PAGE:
Pro-death penalty forces had called for a single-drug protocol and saw the ability to substitute 1 drug for another as a bonus. Difficulty in obtaining drugs has led to the postponement of executions in other states.

The barbiturate is to be administered in a 7.5-gram dose, via 5 syringes, through an intravenous line. As in the past, if the 1st course of the drug does not kill the inmate within 10 minutes, a second course would begin.

The inmate's heart would be monitored by an electrocardiograph to determine death.

The proposed regulation allows for the warden to order as many as 4 rounds of drug infusions, delivered over 40 minutes. Only if an inmate is alive after that would the execution be stopped and medical assistance summoned.

As in the past, inmates may choose death by lethal gas instead of injection.

The proposed regulation estimates the cost of a single execution to be just under $187,000, with more than $97,000 of that expected to go to crowd control outside San Quentin State Prison, where executions take place.

The proposed protocol creates "a better flexibility, a better system of options," said Michael Rushford, who heads the foundation that filed the suit.

Rushford said the state's chosen path will delay implementation by a year or longer, and his group seeks to challenge that. He blamed Brown and Atty. Gen. Kamala D. Harris, who personally oppose the death penalty but have said they would enforce it, for the delays.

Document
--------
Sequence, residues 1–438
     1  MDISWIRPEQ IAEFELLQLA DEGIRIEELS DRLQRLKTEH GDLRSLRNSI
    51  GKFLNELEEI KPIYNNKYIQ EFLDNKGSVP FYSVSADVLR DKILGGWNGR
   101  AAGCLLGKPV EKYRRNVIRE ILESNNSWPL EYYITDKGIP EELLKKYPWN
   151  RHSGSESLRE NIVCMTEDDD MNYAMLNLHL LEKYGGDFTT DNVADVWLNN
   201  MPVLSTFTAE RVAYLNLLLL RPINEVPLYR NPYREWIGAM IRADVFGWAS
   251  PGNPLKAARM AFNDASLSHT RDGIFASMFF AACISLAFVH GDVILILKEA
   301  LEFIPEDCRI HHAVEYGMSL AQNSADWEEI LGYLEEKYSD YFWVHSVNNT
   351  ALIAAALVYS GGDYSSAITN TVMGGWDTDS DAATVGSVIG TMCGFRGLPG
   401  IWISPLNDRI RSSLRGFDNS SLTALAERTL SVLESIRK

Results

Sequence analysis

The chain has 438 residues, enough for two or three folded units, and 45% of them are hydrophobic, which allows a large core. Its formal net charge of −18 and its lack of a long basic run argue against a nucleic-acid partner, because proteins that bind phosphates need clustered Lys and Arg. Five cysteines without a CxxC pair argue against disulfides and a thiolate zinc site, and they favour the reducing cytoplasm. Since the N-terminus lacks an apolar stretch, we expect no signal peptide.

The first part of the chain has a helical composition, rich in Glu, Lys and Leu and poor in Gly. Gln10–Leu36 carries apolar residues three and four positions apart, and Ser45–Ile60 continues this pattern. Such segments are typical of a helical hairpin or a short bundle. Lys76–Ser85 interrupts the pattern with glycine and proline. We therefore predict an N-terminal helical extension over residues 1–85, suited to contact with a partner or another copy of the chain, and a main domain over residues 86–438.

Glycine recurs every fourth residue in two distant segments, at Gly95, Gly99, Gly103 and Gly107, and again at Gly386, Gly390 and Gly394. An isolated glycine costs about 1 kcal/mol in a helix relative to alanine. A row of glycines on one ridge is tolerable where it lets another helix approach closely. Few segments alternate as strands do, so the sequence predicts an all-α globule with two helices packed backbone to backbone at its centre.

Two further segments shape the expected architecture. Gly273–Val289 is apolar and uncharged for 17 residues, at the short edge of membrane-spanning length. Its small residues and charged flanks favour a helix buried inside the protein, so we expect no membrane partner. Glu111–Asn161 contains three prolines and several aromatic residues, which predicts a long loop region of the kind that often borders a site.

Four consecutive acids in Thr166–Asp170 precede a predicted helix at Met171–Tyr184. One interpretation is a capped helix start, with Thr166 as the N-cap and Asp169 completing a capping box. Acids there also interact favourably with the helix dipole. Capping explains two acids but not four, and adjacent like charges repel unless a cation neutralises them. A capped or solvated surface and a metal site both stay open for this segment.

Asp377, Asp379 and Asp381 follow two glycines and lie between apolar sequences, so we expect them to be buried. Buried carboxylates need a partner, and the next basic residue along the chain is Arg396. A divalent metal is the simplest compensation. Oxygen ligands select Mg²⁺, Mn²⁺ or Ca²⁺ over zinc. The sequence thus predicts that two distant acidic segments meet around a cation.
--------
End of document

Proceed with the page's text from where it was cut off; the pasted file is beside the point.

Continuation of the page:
"If we had a different governor and a different attorney general, these wouldn't be problems," Rushford said.

More than 30 states and the federal government use lethal injection as their primary method of carrying out executions, according to the Death Penalty Information Center, a group that has been critical of the way capital punishment has been administered. 8 states have used a single-drug method for executions, while 6 others have announced plans to do so.

At least 16 death row inmates in California have exhausted their appeals and could be executed if the protocol is finally adopted. The inmates range in age from 49 to 78. One was condemned for crimes that took place 36 years ago.

Some death row inmates were stoic when told about the impending arrival of a new execution protocol.

"In the meantime, I have my life," Clifton Perry, 46, sentenced to death for the 1995 killing of a convenience store owner during a robbery, said in a recent interview.